The recent college admission scandal has generated some excellent discussion, but it ignores the situation of most young adults. I am referring to the kids Hasan Minhaj on Patriot Act described as people who, rather than suing Harvard when they don’t get in, just get on with life.

The biggest misconception that surfaces when we focus on the students obsessed with prestigious colleges is that all college-bound kids plan their lives around padding their college admission packages. In my experience as a professor at a state university and as a father whose daughter attended public schools, I encounter kids who do the opposite. They, in fact, do exactly what New York Times editorial writer Frank Bruni suggests. These young people seek extracurricular activities that satisfy them intrinsically. They want to build their resumes, but they do so by racking up the experiences they want to do, not by doing what was recommended to them by a private consultant hired by their parents.  Let me give you two concrete examples. 

  1. I called a student into my office and told him that he misunderstood the directions to a particular written assignment.  I gave him a ‘C’ on his paper, but offered him the weekend to rewrite it for a better grade.  He replied, “I appreciate the chance, but I’ll take the ‘C.’ I’m in charge of a big event this weekend at the Boys and Girls Club. I’m just a volunteer, but they are depending on me.”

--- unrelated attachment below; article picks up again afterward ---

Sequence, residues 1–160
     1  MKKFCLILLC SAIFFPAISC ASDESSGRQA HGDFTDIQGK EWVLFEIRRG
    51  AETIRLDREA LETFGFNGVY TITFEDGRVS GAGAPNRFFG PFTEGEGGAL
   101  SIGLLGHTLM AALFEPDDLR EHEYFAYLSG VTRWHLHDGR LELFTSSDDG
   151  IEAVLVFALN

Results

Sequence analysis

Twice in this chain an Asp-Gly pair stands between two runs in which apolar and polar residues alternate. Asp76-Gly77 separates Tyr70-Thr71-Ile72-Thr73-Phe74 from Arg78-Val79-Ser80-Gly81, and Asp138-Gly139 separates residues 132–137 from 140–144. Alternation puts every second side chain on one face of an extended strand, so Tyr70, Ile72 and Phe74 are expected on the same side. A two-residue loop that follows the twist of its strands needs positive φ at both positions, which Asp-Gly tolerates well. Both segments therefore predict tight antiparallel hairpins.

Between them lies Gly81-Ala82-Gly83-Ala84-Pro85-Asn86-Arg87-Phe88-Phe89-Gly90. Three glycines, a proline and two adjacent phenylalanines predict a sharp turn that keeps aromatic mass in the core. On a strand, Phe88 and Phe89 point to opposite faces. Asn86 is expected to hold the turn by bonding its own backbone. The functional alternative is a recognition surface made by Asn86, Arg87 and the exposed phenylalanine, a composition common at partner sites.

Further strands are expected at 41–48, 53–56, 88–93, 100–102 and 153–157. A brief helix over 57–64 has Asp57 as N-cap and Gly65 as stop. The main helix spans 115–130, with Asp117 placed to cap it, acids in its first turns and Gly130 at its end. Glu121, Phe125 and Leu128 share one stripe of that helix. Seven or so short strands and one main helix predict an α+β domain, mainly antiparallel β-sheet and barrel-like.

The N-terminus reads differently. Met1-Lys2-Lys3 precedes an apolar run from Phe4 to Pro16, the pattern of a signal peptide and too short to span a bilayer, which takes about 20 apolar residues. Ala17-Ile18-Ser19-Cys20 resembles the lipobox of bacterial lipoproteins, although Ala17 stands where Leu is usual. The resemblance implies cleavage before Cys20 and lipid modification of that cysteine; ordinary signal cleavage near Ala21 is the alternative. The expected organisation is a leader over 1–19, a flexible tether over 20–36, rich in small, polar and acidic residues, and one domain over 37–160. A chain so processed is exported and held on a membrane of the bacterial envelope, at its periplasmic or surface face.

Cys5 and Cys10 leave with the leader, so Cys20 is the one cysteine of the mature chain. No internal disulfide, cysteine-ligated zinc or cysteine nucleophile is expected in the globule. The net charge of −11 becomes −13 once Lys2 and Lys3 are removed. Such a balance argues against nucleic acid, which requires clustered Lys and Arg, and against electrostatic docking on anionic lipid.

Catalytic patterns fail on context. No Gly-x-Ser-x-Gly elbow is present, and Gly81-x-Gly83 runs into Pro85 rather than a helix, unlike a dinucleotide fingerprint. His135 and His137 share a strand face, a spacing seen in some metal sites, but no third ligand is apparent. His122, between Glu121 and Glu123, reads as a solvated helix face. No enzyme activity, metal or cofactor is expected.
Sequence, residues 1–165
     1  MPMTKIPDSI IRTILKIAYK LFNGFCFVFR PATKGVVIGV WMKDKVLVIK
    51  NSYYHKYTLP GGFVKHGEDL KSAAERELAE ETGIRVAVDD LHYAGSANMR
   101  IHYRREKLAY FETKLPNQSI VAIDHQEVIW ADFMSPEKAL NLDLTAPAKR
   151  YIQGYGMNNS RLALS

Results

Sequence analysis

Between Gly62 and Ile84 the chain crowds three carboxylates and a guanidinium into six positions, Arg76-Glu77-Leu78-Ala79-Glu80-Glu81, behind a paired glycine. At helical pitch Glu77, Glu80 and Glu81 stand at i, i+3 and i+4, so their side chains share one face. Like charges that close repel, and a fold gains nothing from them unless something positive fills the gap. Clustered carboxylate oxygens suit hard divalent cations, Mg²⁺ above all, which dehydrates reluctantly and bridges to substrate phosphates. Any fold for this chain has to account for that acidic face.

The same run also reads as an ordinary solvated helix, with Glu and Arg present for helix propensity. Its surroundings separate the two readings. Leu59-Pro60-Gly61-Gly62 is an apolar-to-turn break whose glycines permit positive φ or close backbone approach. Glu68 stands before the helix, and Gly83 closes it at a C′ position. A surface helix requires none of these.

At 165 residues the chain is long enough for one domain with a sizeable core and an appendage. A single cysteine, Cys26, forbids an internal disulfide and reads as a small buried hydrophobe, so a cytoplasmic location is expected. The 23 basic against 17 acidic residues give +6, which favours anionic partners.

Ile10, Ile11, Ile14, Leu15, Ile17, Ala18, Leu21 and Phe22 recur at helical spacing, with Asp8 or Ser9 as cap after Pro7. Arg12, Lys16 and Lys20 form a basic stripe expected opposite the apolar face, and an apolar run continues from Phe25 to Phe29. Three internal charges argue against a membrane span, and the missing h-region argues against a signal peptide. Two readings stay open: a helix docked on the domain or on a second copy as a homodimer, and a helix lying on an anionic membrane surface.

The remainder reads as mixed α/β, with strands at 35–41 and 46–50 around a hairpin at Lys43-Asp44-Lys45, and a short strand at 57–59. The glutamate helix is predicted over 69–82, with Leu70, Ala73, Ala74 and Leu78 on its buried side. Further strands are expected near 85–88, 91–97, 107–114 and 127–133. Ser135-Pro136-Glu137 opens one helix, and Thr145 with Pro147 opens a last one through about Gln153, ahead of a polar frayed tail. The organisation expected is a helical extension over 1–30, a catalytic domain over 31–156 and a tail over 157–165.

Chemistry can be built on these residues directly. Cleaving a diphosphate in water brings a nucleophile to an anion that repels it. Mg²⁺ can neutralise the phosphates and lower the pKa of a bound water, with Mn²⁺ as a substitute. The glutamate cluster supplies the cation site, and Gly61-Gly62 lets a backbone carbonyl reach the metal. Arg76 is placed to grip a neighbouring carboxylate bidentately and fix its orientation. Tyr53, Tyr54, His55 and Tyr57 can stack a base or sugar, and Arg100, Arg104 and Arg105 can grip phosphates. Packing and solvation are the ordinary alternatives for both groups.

1. Some of my students, upon graduation, land jobs as wilderness trip leaders or environmental educators. When they return to campus to tell me what they are up to, none are able to keep a smile off their faces. These idealistic kids are earning minimum wage and living the dream.

I do not worry whether elite schools might be producing immoral autotrons. If not for the fact that prestigious schools produce a disproportional number of senators, CEOs, and US presidents, it would be a tempest in a teapot. The majority of young adults at the majority of institutions of high learning have their priorities straight.

Steven Simpson